Employment tribunal and court judgments | February 2023

McAllister v Commissioners of HMRC – Discrimination arising from disability

The Claimant was employed by HMRC. He suffered from anxiety and depression and was absent from work for long periods. His absence was found to have impacted on staff productivity and morale. He was dismissed by HMRC on grounds of capability.

The Civil Service Compensation Scheme provides compensation payments for disabled employees when their employment has been terminated. In the Claimant's case, he did receive an award, but it was reduced to 50% of the maximum because it was found that his general behaviour had been disruptive. Following an internal appeal, the Claimant's award was increased to 80%.

The Claimant brought a claim for discrimination arising from disability. He claimed that his compensatory sum was unfairly reduced under the Civil Service Compensation Scheme, amounting to unfavourable treatment. The Employment Tribunal upheld his claim on the basis that a 50% reduction to the compensatory sum was disproportionate.  

The Claimant also claimed that his dismissal had been discriminatory, however, the Employment Tribunal rejected this claim on the basis that HMRC could objectively justify the dismissal as a proportionate means of achieving the legitimate aim of ensuring satisfactory attendance at work.

HMRC appealed against the finding of discrimination in relation to the reduction of 50% to the Claimant's compensatory sum. The appeal was upheld on the basis that the original tribunal had separated (i) the entitlement to the award, from (ii) the calculation of the award. The Claimant was entitled to a payment on dismissal, which was caused by disability-related absences. It was not ‘unfavourable’ treatment for the Claimant to have received the payment. If anything, it was more favourable. The fact of a disability-related reduction to the calculation of the payment did not alter that fact.

A case of discrimination arising from disability relies on an assessment of whether unfavourable treatment has taken place because of "something arising in consequence of disability". In a case where an employee is entitled to objectively favourable treatment (here a payment of money) because of their disability, there can be no unfavourable treatment as a result of a disability-related amendment to that objectively favourable treatment.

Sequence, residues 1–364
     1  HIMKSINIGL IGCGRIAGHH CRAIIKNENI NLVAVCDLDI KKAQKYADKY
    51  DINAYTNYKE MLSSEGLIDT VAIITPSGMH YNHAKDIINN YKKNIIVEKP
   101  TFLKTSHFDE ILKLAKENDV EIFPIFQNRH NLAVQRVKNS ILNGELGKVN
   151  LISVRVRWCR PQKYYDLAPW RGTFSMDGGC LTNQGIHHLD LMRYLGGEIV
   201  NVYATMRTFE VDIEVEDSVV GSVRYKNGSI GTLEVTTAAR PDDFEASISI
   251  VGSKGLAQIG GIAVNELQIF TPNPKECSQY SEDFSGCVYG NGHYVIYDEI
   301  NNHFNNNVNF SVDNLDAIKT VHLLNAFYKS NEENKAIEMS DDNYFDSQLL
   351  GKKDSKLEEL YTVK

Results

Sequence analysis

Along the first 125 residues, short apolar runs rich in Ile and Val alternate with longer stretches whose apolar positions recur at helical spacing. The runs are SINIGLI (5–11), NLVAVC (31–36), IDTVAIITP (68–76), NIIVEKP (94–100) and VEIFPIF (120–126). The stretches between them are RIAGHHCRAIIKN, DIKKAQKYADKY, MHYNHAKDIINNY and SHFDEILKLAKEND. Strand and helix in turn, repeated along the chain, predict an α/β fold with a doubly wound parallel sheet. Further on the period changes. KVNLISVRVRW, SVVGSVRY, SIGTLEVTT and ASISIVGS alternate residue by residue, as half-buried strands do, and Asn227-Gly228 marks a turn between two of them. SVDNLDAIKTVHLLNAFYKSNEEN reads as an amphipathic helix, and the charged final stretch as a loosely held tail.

Hawkes v Oxford Economics LtdMissing the deadline for appeals

The Employment Appeal Tribunal (the EAT) granted an appellant's late notice of appeal.

On the last day to present an appeal, Mr Hawkes sent an appeal via a series of emails between 15:33 and 16:00. Mr Hawkes assumed these emails had been delivered. He had not received any bounce back email informing him of any error or delay.

Ten days later, Mr Hawkes received a letter from the EAT stating that it had not received any notice of appeal and he resubmitted his appeal, but it was rejected by the registrar.

Following Mr Hawkes' appeal against this decision, the EAT overturned the original rejection. It held that the lack of a bounce back email could amount to a good reason for the delay in filing the notice of appeal. The appeal judge observed that it is reasonable to assume that an email which has been properly sent will be received by the addressee in a matter of seconds. The appeal was allowed.

This case demonstrates the EAT's leniency for practical modern-day issues that can arise when using technology to deliver court documents. However, the tribunal system remains generally stringent regarding deadlines and extreme care should be taken when dealing with formal deadlines and case management orders.

FKJ v RVT – Expectation of privacy of Whatsapp messages

The Claimant brought a claim of sexual harassment, sex discrimination and wrongful and unfair dismissal against her former employers after she was dismissed for gross misconduct.

The Claimant's claim in the Employment Tribunal was unsuccessful. Much of the evidence being relied upon in the case consisted of some 18,000 of the ex-employee's own WhatsApp messages, which included messages of an intimate nature between her and her husband, and her best friend. The Respondent stated that it had obtained the messages via a laptop restoration, and via post from anonymous sources.

As a result of the use of her WhatsApp messages, the Claimant chose to bring High Court proceedings on the basis of misuse of her private information. This case had unusual facts, but made some interesting findings about the privacy of WhatsApp messages.

Whether there is a legitimate expectation of privacy surrounding WhatsApp will always be fact sensitive. Factors to consider would include:

  • The status of the sender and the recipient.
  • The nature of the message and how they came to be in the possession of the user.
  • Whether WhatsApp messages are routinely used for communication in the particular workplace.

In this case a number of helpful observations were made. It was held that there was no doubt that the messages involved a legitimate expectation of privacy due to their private and intimate nature, and the fact that they were sent externally to the Claimant's husband (including several years’ worth of day-to-day information about her professional, social and private life, including about her health and sex life).

It was also held that the existence of the material on a work laptop did not change the expectation of privacy.

Employers should consider whether an individual has a reasonable expectation of privacy over a WhatsApp message when considering using it in internal proceedings or litigation. For certainty, employers should consider setting out in the relevant policy whether employees have a reasonable expectation of privacy over messages on work devices.